City comes to Wildwood’s aid |

City comes to Wildwood’s aid

Tim Mutrie

The Aspen City Council wasted little time last night in unanimously approving a $45,000 line of credit for the Wildwood School, which is presently under-enrolled and suffering a budget crisis due to recent capital improvement expenditures.

The $45,000 in credit – to come from the city’s day-care tax fund – will keep the 26-year-old preschool located east of town operational while it implements a three-year business plan to boost enrollment and regain its financial footing.

Council members voted unanimously in favor of the appropriation, and were sympathetic to the school’s situation.

“The bottom line is that day-care centers don’t make money,” said Mayor Rachel Richards. “And we as a community have far too much invested in the Wildwood School to let it go.”

Richards also praised Wildwood’s extensive business plan, citing it as proof that the school is committed to remedying its financial situation.

Councilman Tom McCabe, however, noted that the school should re-examine its price structure and long-term financial planning, “so when emergencies come up in the future, it won’t create a panic.”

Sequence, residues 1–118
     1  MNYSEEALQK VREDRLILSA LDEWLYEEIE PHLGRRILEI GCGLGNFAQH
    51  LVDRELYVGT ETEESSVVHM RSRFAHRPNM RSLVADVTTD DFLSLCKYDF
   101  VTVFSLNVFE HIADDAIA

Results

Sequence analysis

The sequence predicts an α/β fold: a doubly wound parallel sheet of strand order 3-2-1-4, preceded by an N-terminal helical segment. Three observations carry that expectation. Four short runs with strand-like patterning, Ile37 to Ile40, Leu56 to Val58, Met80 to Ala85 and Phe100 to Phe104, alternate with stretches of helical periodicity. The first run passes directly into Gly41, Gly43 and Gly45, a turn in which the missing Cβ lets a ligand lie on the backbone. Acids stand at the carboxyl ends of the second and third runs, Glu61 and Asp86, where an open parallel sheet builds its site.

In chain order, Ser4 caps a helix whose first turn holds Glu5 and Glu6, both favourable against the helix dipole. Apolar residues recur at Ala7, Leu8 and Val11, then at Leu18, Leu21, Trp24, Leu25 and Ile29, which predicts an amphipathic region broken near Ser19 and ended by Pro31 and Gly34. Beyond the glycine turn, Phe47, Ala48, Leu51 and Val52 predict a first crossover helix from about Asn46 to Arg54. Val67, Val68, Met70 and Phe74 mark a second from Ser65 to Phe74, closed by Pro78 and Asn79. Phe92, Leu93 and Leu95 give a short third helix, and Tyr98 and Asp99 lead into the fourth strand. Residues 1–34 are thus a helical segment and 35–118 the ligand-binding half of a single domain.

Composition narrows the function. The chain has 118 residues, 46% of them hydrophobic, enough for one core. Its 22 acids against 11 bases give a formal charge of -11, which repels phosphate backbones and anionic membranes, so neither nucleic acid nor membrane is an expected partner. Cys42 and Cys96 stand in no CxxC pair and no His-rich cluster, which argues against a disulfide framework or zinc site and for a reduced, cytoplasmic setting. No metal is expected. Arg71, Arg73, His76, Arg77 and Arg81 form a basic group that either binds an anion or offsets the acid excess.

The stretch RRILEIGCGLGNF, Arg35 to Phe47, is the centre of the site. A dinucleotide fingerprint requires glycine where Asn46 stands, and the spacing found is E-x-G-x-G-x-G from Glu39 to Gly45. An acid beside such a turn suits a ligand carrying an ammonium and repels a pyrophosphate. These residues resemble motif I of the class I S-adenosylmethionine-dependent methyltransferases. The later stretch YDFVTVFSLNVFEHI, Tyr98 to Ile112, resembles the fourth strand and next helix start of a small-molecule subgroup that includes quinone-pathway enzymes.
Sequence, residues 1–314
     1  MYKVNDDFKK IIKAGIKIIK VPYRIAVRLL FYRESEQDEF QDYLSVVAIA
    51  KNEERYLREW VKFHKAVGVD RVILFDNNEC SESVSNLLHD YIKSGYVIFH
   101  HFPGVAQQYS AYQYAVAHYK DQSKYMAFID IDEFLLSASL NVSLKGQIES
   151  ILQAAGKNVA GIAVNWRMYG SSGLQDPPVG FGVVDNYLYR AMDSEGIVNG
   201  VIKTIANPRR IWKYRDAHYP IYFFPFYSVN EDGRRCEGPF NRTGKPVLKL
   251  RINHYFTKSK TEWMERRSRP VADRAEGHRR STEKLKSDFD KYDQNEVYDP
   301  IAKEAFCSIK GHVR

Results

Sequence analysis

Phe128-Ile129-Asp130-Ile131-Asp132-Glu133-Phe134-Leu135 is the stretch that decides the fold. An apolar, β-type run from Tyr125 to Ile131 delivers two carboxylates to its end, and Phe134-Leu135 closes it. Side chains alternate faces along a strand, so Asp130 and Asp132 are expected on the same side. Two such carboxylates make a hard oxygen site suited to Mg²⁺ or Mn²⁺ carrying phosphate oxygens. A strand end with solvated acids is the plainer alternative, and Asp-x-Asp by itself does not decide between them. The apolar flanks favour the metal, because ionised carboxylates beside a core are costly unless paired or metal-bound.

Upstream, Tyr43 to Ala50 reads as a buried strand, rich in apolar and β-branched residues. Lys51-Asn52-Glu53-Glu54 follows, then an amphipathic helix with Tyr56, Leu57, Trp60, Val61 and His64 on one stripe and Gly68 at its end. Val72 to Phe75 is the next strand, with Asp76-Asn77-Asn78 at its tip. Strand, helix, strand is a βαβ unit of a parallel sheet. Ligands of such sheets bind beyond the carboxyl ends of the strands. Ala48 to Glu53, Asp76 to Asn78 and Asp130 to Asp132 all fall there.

Brent Reed, a local accountant representing Wildwood with Reese Henry and Co., explained to council prior to its decision that the school was in financial “crisis.”

“At the end of this year, if the organization does not get help, it may cease to exist,” Reed said.

Virginia Newton, director of the Kids First Advisory Board, a group that advises the council on child-care issues and the appropriation of day-care tax funds, said a combination of capital expenditures and low enrollment led to Wildwood’s budget crisis. Newton and Kids First supported Wildwood’s request.

“Wildwood was full for years and had a waiting list and even built up an endowment for scholarships,” Newton said in an interview earlier. “But two-and-a-half years ago, they needed major repairs for their building, basically for the roof and electrical systems.

“And at the very same time this is going on,” Newton continued, “there was a general dip in preschool enrollment in the upper valley, not just at Wildwood, but everywhere. And top of that, Wildwood closed three months this past summer – usually a big enrollment time – to do the capital improvements, and then their enrollment dipped.”

Typically, day-care tax funds are available for day-care centers that provide services for infants and toddlers up to age 3. However, the Wildwood School, which caters to children ages 2 1/2 through 5, felt deserving of funds because the general purpose of the tax is “to create day-care opportunities in Aspen and Pitkin County.”

And the City Council has made exceptions to that rule before. In 1998, the council approved $71,612 to Little Feet Daycare to offset its operational expenses, and in 1999, the council approved $23,000 to the Wildwood School for its operating budget.

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